What this would mean in the context of preschool education for example is that the primary priority would no longer be on squeezing as many children as possible into tight spaces or to cut down on teachers just to keep the budget down. What this would mean is that preschool education would no longer be deprioritized as a secondary education where children are merely ‘kept’ until they can start in school and begin their ‘real’ education. Instead of preschools functioning primarily from a starting-point of keeping children occupied so their parents can go to work and make money to support the wheels of consumerism to spin, they will be structured based on research on child development to best serve the well-being of the children. Teaching children would no longer be something one does because it is easy and requires no prerequisites. Instead teachers will be those who are truly passionate about teaching children and who have optimal training to serve the best interest of the children. If you have a look at what I have mentioned above in terms of the changes hat are proposed by the Equal Life Foundation, all that is really required is a change in our starting-point, in how we see children, in how we see education – and most importantly: in how we see money. Because currently all forms of education are limited and restricted by the profit-motive that drives today’s economic policies and ironically, the consequence of this is not that more people prosper or that our economies grow, but in fact that we emaciate our societies in all possible ways. Research has shown that the more equal a society is and the more resources are invested in optimizing the education system, the more the long-term prospering is for society as a whole.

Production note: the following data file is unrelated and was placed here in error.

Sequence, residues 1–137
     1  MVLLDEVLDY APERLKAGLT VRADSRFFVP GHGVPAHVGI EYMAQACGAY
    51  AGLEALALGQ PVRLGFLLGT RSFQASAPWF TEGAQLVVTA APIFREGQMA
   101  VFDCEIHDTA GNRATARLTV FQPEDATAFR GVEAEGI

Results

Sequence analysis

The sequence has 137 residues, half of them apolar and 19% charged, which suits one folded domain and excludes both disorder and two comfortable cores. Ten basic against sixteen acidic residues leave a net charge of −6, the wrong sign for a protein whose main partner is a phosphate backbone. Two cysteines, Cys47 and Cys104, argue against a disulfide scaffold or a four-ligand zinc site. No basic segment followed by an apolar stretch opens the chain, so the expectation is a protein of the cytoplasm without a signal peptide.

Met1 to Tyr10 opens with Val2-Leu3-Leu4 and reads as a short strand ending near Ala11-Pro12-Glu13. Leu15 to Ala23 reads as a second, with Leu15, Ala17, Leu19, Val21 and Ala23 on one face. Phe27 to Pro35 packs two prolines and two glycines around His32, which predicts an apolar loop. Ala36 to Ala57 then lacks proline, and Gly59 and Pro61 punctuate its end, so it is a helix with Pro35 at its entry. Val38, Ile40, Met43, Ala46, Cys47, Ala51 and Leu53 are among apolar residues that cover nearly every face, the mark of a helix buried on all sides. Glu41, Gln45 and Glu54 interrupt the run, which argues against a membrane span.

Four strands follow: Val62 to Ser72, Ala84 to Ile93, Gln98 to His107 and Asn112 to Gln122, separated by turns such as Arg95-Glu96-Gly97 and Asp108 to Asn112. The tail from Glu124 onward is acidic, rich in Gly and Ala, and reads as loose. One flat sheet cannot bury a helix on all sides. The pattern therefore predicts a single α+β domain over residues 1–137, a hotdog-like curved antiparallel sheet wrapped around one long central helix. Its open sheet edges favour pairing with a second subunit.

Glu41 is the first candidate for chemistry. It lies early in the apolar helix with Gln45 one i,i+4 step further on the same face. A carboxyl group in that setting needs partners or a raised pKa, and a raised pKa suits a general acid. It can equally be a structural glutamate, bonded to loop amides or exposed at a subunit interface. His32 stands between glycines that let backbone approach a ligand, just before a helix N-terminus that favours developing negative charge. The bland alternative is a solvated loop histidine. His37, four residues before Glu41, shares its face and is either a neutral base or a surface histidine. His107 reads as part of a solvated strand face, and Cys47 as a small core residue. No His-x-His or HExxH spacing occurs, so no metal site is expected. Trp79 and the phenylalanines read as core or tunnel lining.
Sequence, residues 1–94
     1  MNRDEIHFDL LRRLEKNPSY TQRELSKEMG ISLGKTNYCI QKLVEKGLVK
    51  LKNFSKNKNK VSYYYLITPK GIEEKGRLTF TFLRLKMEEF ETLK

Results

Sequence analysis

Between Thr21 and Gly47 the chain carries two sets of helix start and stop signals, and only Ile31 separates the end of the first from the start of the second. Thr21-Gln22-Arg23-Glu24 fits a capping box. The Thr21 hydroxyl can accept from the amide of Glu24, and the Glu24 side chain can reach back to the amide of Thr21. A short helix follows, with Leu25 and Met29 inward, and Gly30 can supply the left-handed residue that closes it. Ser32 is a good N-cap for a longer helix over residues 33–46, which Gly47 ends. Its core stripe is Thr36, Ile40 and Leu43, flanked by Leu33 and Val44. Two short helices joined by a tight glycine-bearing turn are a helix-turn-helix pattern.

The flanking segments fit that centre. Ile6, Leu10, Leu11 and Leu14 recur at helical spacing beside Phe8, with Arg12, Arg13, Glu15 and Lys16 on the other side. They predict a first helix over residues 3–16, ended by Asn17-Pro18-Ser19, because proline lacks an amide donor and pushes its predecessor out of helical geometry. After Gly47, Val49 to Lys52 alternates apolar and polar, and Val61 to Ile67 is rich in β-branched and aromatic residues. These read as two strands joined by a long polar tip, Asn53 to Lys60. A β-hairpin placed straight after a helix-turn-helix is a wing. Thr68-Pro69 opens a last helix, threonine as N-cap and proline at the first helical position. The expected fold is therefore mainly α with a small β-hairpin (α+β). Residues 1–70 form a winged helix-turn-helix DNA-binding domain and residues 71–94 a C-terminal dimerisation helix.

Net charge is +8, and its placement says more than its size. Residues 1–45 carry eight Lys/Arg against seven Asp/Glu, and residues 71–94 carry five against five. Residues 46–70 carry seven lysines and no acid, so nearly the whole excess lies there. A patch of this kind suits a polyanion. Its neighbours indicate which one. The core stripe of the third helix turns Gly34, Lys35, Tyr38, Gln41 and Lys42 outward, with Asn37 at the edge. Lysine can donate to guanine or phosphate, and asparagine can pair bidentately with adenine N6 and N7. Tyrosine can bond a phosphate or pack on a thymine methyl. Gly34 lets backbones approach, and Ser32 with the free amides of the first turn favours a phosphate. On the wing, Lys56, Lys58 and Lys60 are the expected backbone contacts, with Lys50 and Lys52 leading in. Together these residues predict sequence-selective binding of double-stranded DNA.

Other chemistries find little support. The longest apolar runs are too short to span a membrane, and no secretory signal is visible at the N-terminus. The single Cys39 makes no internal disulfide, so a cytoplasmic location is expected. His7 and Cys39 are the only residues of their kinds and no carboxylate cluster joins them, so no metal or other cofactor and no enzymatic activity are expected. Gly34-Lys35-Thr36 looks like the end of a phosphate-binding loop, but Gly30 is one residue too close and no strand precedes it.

What this would mean in relation to the discussion about preschools is that in a system where education is prioritized based on the principle of what is best for all of society as a whole, is that we would actually be able to safely leave our children in the hands of preschool teachers. We would be able to trust that trained professionals would give our children the best possible care. We would even be able to make the decision to stay at home with our children while they are young without having to worry about how we would survive. Through implementing a Living Income system we have the opportunity to change the focus of our lives from fear of not surviving to actual living in the best possible way, for ourselves and for our children. That is why I am dedicated to not only supporting this system but also to whatever is required to implementing it. Because there are no one that will change the system for us if we don’t start with ourselves. We owe that to our children – and we owe it to ourselves.

You can read more about the Equal Life Foundation’s proposal in regards to Education here:

You can read more of the blogs I’ve written about preschool education here: